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The jaguar is a large felid found in the southwestern United States, Mexico, Central America, and South America. Pertinent here, the jaguar was listed as a foreign endangered species in 1972. In 2014, the U.S. Fish and Wildlife Service published a final rule designating 764,207 acres in New Mexico and Arizona as critical jaguar habitat. Plaintiffs filed suit, contending the Service’s designation was arbitrary and capricious. The district court ruled in favor of the Service. After review of the district court record, the Tenth Circuit concluded the agency did not comply with the regulation, and the Tenth Circuit's "resolution of this issue is beyond doubt. Further, the agency had a chance to rectify this error, but failed to do so. When an agency does not comply with its own regulations, it acts arbitrarily and capriciously. " The Court therefore reversed the district court and remanded the case for further proceedings. View "NM Farm & Livestock Bureau v. United States Dept of Interior" on Justia Law

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The Colorado Roadless Rule, which the Forest Service adopted in 2012, prohibits road construction in designated areas but included an exception for the North Fork Coal Mining Area (the “North Fork Exception”). In prior litigation, a district court concluded agency decisions violated the National Environmental Policy Act (“NEPA”) and the Administrative Procedure Act (“APA”), and vacated the North Fork Exception. Following these decisions, the Forest Service prepared a Supplemental Final Environmental Impact Statement (“North Fork SFEIS”) and readopted the Exception, Roadless Area Conservation. Mountain Coal Company, LLC, submitted lease modification requests in connection with coal leases in the area. In response, the Forest Service and the Bureau of Land Management (“BLM”) issued a Supplemental Final Environmental Impact Statement (“Leasing SFEIS”) and approved the requests. In the lawsuit that followed, a coalition of environmental organizations alleged the agencies violated NEPA and the APA by unreasonably eliminating alternatives from detailed study in the North Fork SFEIS and the Leasing SFEIS. The district court rejected these challenges. After review, the Tenth Circuit Court of Appeals reversed as to the North Fork SFEIS, holding that the Forest Service violated NEPA by failing to study in detail the “Pilot Knob Alternative” proposed by plaintiffs. Accordingly, the matter was remanded to the district court with instructions to vacate the North Fork Exception. With respect to the Leasing SFEIS, the Tenth Circuit held NEPA did not require consideration of the “Methane Flaring Alternative” proposed by plaintiffs. View "High Country Conservation v. United States Forest Service" on Justia Law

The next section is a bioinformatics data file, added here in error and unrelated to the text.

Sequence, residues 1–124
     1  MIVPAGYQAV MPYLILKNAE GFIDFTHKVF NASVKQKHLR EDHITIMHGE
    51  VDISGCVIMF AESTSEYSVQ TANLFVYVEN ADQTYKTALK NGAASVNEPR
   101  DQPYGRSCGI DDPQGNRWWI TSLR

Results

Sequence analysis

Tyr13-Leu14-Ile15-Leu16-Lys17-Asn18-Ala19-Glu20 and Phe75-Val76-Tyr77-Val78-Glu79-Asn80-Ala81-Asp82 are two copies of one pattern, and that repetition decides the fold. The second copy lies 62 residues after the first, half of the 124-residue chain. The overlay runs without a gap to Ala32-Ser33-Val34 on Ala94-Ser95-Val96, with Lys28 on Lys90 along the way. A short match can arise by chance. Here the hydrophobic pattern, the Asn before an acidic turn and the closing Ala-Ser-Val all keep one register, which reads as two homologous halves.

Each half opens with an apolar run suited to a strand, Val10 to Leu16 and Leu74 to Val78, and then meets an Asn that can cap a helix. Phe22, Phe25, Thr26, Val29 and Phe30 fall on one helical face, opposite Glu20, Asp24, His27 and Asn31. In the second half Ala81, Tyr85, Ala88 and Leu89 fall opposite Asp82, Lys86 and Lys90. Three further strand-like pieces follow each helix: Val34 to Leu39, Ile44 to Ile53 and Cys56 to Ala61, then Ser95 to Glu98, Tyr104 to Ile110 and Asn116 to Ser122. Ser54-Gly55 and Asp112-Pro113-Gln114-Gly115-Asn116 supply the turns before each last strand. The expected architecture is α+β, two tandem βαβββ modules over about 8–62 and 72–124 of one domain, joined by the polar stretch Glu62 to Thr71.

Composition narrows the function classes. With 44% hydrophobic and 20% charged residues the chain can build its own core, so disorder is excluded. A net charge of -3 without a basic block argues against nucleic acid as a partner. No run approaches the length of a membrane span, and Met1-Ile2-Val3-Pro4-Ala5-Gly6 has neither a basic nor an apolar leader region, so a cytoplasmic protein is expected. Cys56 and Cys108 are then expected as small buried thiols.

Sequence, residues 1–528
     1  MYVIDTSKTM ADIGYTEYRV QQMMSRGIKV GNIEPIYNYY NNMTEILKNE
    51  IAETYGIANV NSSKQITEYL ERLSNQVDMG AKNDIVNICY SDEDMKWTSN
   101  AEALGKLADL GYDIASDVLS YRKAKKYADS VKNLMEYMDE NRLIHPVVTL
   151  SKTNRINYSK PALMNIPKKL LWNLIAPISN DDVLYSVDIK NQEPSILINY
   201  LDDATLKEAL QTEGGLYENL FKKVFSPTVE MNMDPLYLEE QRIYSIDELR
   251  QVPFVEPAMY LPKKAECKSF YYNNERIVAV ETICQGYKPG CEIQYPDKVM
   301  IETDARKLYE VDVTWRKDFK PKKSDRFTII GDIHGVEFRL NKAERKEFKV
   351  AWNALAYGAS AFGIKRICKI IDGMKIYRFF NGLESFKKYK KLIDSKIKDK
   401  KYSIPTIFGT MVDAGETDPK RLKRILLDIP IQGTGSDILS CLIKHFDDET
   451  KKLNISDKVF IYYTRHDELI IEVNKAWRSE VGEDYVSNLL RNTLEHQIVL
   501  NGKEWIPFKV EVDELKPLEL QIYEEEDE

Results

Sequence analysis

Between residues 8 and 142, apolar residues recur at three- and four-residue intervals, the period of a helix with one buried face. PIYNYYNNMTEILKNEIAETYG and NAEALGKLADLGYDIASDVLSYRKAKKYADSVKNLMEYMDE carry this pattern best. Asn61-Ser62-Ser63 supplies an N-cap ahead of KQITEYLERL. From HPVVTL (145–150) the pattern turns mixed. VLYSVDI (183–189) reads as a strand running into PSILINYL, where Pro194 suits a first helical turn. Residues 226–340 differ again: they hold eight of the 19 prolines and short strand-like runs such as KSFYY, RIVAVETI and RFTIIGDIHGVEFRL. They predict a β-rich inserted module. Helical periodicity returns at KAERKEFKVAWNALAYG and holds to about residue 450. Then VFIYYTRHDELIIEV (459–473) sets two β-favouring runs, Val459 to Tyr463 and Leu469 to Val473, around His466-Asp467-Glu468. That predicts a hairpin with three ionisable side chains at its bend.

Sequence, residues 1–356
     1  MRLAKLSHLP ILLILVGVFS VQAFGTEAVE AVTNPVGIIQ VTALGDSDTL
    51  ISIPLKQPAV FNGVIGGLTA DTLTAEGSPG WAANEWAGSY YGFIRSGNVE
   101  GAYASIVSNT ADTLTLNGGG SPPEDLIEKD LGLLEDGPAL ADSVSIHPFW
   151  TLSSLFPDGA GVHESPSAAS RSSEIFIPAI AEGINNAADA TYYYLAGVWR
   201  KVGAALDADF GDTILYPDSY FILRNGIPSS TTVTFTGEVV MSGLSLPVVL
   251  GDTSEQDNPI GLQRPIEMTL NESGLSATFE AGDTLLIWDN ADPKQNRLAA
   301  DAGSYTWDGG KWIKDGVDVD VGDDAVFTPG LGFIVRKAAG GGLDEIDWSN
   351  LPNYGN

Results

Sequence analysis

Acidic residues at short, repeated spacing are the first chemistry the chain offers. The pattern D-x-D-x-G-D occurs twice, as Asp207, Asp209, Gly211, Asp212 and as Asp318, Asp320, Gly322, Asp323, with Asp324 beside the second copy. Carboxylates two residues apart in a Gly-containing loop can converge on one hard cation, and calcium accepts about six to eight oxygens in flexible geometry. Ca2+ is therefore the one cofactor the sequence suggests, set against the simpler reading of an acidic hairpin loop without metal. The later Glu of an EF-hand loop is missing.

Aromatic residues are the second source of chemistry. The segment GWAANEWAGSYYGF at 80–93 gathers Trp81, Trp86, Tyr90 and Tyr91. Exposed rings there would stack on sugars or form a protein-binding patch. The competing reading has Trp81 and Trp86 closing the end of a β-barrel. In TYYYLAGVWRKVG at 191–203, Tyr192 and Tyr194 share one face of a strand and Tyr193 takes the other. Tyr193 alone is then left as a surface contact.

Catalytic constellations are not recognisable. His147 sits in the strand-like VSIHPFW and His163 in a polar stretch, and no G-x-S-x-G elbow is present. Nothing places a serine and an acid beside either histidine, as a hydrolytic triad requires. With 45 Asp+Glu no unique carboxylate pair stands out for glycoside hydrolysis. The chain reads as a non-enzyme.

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Thomas Alpern claimed the United States Forest Service improperly charges him a fee when he entered Maroon Valley to park and hike. He cited an provision of the Federal Lands Recreation Enhancement Act (REA) he claimed prohibited charging a fee "solely for parking." He argued that this prohibition overrode another REA provision that allowed agencies to charge a fee when certain listed amenities were present, like picnic tables, security patrols, trash bins, and interpretive signs. The Tenth Circuit disagreed, finding section 6802(d)(1)(A) prohibited charging fees “[s]olely for parking . . . along roads or trailsides[,]” something Alpern did not do. The Court found Alpern parked in a developed parking lot featuring all the amenities listed in section 6802(f)(4), not along a road or trailside. So it affirmed the district court’s decision to reject Alpern’s as-applied challenge to the Maroon Valley fee program. View "Alpern v. Ferebee" on Justia Law